• Check your eligibility: Ensure you meet the IRS criteria for penalty-free withdrawals, such as being a first-time homebuyer or meeting one of the other exceptions.
  • Contact your IRA custodian: Contact the financial institution where your IRA is held and inquire about withdrawing funds for a home purchase. They will provide you with the necessary forms and guide you through the process.
  • Complete the withdrawal forms: Fill out the required forms accurately, providing all the necessary information, including the amount you wish to withdraw and the reason for the withdrawal.
  • Submit the forms: Return the completed forms to your IRA custodian along with any additional documentation they may require.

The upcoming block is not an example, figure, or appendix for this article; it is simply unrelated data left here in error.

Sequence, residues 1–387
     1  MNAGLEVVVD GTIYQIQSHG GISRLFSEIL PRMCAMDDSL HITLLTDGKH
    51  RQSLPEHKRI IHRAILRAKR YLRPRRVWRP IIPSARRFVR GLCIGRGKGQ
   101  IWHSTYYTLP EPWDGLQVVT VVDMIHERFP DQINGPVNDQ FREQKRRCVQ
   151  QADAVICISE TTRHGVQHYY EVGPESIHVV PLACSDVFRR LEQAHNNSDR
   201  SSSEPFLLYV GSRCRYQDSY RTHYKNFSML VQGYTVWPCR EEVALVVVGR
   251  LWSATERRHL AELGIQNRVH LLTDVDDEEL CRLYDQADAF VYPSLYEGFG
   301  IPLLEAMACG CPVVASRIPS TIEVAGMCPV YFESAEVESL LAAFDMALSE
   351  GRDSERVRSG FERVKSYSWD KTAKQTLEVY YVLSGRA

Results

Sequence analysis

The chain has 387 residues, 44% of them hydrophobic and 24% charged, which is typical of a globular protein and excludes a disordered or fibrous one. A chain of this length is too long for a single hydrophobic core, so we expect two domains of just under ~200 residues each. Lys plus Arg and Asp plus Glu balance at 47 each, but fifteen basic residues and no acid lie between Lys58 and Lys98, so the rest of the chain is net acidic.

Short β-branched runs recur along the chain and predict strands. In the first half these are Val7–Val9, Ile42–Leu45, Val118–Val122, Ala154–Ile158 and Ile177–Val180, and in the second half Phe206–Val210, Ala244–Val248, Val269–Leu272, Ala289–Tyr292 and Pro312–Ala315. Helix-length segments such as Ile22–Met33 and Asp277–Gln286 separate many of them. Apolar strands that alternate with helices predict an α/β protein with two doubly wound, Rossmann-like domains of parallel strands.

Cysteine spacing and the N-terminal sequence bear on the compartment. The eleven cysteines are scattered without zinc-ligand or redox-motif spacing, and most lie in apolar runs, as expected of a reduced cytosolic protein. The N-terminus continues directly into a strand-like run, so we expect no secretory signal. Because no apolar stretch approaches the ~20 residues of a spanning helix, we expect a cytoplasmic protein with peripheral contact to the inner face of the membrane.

• Follow any additional steps: Your IRA custodian may have specific procedures or requirements for withdrawing funds for a home purchase. Make sure to follow their instructions carefully to avoid any delays or issues.
  • Consider tax implications: Consult with a tax professional to understand the potential tax consequences of your withdrawal. They can help you estimate the amount of income tax you may owe and assist with any necessary tax reporting. It's also generally a good idea to withhold taxes when withdrawing the funds, but again, consult with a professional for advice in your specific situation.

Note that you must close on the transaction within 120 days of receiving the funds.

It's important to note that the process and requirements for withdrawing funds from an IRA may vary depending on your specific financial institution and the type of IRA you have. Be sure to reach out to your custodian for detailed instructions and guidance throughout the process.